In fact, this doesn't feel like it was made by someone forty-plus years in the industry because it's brimming with an energy and a vitality many times reserved for first-timers. This is impossible to categorize and defies all explanations, and at the heart it simply illustrates how contagious paranoia can really be.
This is smarter than all of the "Saw" films combined, and it's led by a pair of powerhouse performances. It's the film that really started by cinematic love affair with Michael Shannon, and it should have been the picture to reignite the cooling career of Ashley Judd. Her transformation here might just be the scariest thing in the film, and Shannon immerses himself in this strange, troubled character in a way that has become his trademark in every picture he's made since this. In the beginning, when you're not quite sure where this is headed, he's charming in a sly and awkward sort of way. However he's completely believable and frightening by the film's end, becoming a dangerously paranoid and cultish snake charmer.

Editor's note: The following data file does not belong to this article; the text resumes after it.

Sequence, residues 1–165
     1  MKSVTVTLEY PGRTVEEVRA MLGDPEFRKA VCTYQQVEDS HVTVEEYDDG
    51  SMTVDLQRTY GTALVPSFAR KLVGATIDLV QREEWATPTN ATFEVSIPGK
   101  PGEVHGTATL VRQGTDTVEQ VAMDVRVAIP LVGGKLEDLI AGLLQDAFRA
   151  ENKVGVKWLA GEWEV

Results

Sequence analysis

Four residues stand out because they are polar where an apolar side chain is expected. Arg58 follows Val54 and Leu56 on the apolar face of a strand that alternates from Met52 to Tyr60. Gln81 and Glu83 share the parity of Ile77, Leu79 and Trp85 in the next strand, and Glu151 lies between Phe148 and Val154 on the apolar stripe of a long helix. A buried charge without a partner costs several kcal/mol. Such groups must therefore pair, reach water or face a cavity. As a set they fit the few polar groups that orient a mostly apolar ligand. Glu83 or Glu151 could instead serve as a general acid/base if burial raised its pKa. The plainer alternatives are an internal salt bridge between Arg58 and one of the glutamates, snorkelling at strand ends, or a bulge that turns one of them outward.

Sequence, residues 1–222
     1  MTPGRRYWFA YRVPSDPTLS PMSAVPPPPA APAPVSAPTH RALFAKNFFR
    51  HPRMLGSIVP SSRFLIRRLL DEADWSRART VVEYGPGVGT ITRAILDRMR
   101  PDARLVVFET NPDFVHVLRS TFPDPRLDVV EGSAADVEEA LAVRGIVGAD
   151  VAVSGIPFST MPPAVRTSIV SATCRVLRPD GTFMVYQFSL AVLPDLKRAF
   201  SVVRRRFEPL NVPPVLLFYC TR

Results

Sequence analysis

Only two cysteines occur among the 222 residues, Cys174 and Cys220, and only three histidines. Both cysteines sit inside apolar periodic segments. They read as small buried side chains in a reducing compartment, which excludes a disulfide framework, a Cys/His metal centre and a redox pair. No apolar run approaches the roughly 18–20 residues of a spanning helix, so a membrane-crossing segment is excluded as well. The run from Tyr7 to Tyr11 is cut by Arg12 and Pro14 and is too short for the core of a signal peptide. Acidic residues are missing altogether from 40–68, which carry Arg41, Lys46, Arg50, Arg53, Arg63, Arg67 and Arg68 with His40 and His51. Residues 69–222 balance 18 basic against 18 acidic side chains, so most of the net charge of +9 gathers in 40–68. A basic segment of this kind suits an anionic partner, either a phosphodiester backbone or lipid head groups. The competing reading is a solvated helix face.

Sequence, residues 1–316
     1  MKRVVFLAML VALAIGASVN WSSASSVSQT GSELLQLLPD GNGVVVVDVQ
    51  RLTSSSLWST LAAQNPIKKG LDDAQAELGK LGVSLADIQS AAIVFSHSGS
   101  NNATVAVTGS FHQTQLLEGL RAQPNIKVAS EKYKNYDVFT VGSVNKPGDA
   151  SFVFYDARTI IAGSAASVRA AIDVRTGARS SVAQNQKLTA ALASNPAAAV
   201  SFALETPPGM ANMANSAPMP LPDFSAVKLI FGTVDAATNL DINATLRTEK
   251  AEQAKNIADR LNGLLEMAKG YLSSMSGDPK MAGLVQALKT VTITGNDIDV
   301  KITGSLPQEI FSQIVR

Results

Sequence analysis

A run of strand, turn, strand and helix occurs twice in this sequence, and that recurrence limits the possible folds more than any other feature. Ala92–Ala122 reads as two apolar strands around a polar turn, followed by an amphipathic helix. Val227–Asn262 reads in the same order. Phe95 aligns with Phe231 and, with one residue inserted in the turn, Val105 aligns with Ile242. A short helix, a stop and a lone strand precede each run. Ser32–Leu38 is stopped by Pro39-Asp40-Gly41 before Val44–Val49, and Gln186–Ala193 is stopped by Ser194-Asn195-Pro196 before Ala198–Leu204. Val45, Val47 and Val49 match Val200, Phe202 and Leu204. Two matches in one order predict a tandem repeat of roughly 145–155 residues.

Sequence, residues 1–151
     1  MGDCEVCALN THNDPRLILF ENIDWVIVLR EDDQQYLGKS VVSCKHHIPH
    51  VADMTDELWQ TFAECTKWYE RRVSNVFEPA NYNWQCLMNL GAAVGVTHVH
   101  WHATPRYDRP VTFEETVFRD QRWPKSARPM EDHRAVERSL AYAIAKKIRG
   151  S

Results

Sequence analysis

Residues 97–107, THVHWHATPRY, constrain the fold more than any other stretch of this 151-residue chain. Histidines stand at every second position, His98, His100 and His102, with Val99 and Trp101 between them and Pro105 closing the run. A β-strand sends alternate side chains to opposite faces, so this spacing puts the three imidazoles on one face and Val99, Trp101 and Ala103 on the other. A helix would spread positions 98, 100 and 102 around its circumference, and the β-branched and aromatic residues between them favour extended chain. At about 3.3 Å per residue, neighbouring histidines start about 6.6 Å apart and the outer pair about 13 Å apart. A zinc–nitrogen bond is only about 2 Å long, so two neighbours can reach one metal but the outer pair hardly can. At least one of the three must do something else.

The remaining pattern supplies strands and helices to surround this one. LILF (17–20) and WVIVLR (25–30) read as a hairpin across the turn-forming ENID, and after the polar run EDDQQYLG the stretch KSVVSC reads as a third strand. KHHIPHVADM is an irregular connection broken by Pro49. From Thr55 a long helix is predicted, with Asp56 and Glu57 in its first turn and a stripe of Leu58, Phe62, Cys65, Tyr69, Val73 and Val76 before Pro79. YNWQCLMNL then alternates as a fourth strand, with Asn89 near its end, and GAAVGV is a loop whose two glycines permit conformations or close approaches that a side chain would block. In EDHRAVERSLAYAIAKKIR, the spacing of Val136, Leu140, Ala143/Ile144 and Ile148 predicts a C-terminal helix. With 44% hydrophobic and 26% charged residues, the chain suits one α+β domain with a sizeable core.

You've never seen anything quite like "Bug" before, and as I left the theater I was visibly shaken by its subversive power. It stays with you long after it's over.
I cant say the same for the rest of the film which is an utter letdown
the premise sounds good but things don't get freaky until after the 1st hour and even then there isn't enough of it going on
it's just explaining and more explaining; have a rule of thumb in movies and in horror: show don't tell
'Splinter' is a better movie because it took real chances to be effective